We had someone quit the guild the other day, taking his main to go heal for a family’s members guild. “No hard feelings,” he said.
And I don’t have hard feelings, per se. But I do find myself rather frustrated with him because this is something like the third or fourth time he’s quit. And I find myself frustrated with us as guild leadership because we’re the ones who kept allowing him to come back. Granted, the first few times he cycled out the door, it was during times of high stress and drama. I often want to quit the guild during those times too, so I can understand it to a point. Still, he’s burned his last bridge with us and here’s why:
I hate giving loot to people who prove to me over and over again that all they’re going to do is walk away later.
At this point, I wouldn’t invite him to a raid if we were a dps short and it was a choice between his skills and a new 80 who thinks that it’s a great idea to be a fire specced mage and only cast frost spells (saw that in a pug, trufax).
But rather than focusing on our own stupid for allowing him to use us over and over again, I present a short list of easy ways to ensure a guild will never want you back, not ever, but still have to say, “It’s not that he was a douche, really, but…”
1. Never shut up. Ever
The trick to this one, of course, is to make sure that you keep everything light and friendly and clean. That way no one can actually complain that you’re rude or crass, but your constant stream of chatter will make people want to put you on ignore at the very least. To carry this beyond a simple stream of chatter, consider carrying your chat over to vent, particularly when people are trying to raid or make it visually unappealing if you’re working only with text, like so:
so i waz wondrin
hav u evr liek
thot about bein liek
relly ur caracter
End result: When you move on, people will say “It’s not that he was a douche, really, but he wouldn’t ever shut up.”
2. Be just a little dim-witted
I don’t know about anyone else, but I personally despise that one person who asks the same questions over and over. Not because they’re not getting a response or a real answer, but because they can’t remember from one week to another what exactly they have to look out for on a certain encounter or just how to get from IF to SW without bugging a mage about it (yeah, that tram is so difficult to remember and even harder to find since you have push through a magic barrier to find Platform 9 and 3/4).
End result: When you move on, people will say “It’s not that he was a douche, really, but he was just so stupid.”
3. Offer unsolicited critiques on your guild-mates’ builds, rotations, glyphs and enchants
After all, your mage is a level one bank toon, surely you know more about to play that class then the level 80 who has been playing it for years, because you’re fairly certain that they’re not really literate and couldn’t possibly be smart enough to look at sites like Elitist Jerks on their own initiative. Even if they say they have, chances are they were overwhelmed by the math and big words and still don’t really know what’s going on. You’ve heard them button mashing often enough over vent to have a pretty good notion that all they do is slam their face against the keyboard. Give everyone your ideas on how they might improve and then talk loftily about fictitious alts of yours (on other servers and they’re maxed out on everything so you’re bored with them, lol ) and how much better DPS you’re able to pull using your ideas.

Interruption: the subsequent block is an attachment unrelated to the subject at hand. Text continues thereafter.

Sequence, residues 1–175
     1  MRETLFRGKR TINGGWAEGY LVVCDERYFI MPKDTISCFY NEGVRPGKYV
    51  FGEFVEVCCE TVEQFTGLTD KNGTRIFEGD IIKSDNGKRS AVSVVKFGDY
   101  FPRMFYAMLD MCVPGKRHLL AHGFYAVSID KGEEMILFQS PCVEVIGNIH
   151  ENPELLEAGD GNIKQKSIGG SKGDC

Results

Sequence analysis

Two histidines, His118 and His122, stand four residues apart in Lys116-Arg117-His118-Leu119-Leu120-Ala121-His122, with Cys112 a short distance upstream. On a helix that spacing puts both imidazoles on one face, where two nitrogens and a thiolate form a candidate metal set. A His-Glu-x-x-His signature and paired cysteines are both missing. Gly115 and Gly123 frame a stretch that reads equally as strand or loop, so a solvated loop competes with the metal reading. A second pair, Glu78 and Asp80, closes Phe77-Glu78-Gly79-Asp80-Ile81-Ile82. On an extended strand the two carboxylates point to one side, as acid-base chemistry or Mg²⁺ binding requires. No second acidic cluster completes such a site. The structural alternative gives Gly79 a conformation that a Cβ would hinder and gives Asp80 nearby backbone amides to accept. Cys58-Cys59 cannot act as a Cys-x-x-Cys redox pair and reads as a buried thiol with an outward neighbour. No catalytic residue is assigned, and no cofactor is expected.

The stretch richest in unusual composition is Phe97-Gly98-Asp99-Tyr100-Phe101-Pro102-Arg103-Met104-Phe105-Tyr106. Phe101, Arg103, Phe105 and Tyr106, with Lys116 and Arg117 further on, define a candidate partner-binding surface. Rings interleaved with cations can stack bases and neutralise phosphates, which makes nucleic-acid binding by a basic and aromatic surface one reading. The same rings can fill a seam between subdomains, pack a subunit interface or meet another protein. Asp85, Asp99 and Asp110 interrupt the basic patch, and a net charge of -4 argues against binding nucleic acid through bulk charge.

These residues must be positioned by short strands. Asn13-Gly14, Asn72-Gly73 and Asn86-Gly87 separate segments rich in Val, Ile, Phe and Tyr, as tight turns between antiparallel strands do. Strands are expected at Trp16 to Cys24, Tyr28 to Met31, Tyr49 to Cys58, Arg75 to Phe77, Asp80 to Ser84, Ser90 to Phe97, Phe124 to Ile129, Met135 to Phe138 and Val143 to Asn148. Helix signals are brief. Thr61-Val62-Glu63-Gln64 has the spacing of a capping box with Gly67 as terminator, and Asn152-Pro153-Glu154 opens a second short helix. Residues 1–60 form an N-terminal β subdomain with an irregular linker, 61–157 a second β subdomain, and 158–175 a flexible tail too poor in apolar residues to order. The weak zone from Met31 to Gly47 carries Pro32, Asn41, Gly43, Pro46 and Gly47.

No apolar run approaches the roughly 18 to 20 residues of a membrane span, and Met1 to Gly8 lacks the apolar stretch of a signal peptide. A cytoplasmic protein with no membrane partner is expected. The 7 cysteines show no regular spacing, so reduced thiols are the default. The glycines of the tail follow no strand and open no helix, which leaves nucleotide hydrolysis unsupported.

Caution: You have to make sure your tone comes across as friendly and helpful. Any hint of condescension will result in people thinking you’re a douche.
End result: When you move on, people will say “It’s not that he was a douche, really, but he was such a know-it-all.”
End result: When you move on, people will say “It’s not that he was a douche, really, but he thought he knew everything and was such a noob he couldn’t stay alive in raids for more than a minute.”
5. Give off the faint impression that you believe the rest of the guild is there to serve you
This one is perhaps the most tricky of all to master. As with the rest of these, the key is tone, but equally important is frequency. If you’re constantly spamming for help, hints, run-throughs or invitations to parties, your guild will clue in pretty quickly. There are a few ways to handle this. One is to just never say anything much, but whenever you do type in guild chat make it a request. Don’t be rude but don’t be too gracious either. You can get away with more frequent requests if you make sure to watch who is online and who is off and try to catch different segments of guild at different times.
The other way to finesse this is to offer help about once for every five to ten times you get a run through. Honestly, not many people will keep a running tally or anything, so just as long as you appear to be helpful they won’t notice that you’re really just sponging off the guild and have been for months. Times to offer help are right around when you know people are going to be logging off for the night or just before most of the guild is heading into a raid. Sure you might occasionally get burned by employing this method and end up having to actually give someone’s alt a run through SM, but you can also manufacture emergencies if this happens and get out of it early.
End result: When you move on, people will say “It’s not that he was a douche, really, but he was just so needy.”